Bank of the Philippine Islands v. Lee

G.R. No. 190144, 1 August 2012

FACTS:

On April 26, 1988, Carlito Lee filed a complaint for sum of money with damages and application for the issuance of a writ of attachment against Trendline and Buelva before the RTC, seeking to recover his total investment in the amount of P5.8 million. Lee alleged that he was enticed to invest his money with Trendline upon Buelva’s misrepresentation that she was its duly licensed investment consultant or commodity saleswoman. His investments, however, were lost without any explanation from Trendline and Buelva.

The RTC issued a writ of attachment whereby the savings accounts of Trendline with Citytrust Bank were garnished. Meanwhile, Citytrust and BPI merged, with the latter as the surviving corporation. The Articles of Merger provide that all liabilities and obligations of Citytrust shall be transferred to BPI.

Thereafter, Lee moved for the execution and enforcement of the garnishment of Trendline’s Citytrust deposits. This was denied by the RTC because BPI already took over the said deposits from Citytrust and the fact that BPI was not a party to the case.

ISSUE:

Whether or not BPI is a party-in-interest in the case filed by Lee upon the approval of its Merger with Citytrust.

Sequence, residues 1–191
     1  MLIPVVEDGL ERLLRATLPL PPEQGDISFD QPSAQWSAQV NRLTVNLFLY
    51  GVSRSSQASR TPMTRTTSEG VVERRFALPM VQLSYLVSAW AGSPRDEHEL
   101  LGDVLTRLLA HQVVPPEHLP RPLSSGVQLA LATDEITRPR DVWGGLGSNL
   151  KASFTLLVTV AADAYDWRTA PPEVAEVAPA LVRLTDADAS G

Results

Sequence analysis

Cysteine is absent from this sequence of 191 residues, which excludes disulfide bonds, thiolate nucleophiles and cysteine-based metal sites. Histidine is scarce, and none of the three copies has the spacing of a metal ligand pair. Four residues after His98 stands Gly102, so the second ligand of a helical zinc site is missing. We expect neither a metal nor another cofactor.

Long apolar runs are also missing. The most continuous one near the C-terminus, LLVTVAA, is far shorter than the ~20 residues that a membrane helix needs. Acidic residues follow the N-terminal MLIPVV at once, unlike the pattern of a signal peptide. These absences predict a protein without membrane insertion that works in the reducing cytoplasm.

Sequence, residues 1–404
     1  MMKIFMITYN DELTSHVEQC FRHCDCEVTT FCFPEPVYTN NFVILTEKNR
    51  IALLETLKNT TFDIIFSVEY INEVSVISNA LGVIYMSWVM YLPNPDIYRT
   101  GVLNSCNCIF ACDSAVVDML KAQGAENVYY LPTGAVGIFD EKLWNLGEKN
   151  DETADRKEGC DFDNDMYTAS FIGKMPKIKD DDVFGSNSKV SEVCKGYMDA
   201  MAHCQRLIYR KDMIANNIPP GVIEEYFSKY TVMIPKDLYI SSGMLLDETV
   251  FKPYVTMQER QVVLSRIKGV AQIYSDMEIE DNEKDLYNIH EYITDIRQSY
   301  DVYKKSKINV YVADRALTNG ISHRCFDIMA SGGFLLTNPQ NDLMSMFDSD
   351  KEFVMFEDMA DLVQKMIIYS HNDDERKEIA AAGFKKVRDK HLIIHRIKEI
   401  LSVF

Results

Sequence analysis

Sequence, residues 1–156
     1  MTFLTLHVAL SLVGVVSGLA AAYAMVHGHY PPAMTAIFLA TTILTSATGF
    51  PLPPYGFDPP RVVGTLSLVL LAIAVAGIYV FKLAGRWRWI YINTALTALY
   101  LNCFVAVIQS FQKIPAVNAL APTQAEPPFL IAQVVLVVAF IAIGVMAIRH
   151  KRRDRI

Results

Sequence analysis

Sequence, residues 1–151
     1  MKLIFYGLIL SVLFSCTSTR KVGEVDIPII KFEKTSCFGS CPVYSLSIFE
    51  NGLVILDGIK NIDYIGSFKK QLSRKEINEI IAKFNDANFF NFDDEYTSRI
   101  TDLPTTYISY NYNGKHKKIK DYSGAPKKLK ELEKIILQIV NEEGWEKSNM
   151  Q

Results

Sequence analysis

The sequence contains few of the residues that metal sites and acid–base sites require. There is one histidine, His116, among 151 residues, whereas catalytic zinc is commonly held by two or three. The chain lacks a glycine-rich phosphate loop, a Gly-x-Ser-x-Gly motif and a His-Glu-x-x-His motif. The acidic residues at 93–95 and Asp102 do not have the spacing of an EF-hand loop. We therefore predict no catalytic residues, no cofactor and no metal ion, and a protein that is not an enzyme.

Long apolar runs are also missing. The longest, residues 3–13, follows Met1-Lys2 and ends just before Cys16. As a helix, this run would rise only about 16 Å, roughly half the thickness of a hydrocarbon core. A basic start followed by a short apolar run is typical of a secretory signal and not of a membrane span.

RULING:

The court DENIED the petition and AFFIRMED assailed the February 11, 2009 Decision and October 29, 2009 Resolution of the Court of Appeals. Citytrust, upon service of the notice of garnishment, became a “virtual party” to or a “forced intervenor” in the case. As such, it became bound by the orders and processes issued by the trial court despite not having been properly impleaded therein.

Consequently, by virtue of its merger with BPI. BPI, as the surviving corporation, effectively became the garnishee, thus the “virtual party” to the civil case. Although Citytrust was dissolved, no winding up of its affairs or liquidation of its assets, privileges, powers and liabilities took place. As the surviving corporation, BPI simply continued the combined businesses of the two banks and absorbed all the rights, privileges, assets, liabilities and obligations of Citytrust, including the latter’s obligation over the garnished deposits of the defendants.

*Case Digest by Jelyn C. Ondong, Refresher, Andres Bonifacio College, SY: 2019-2020

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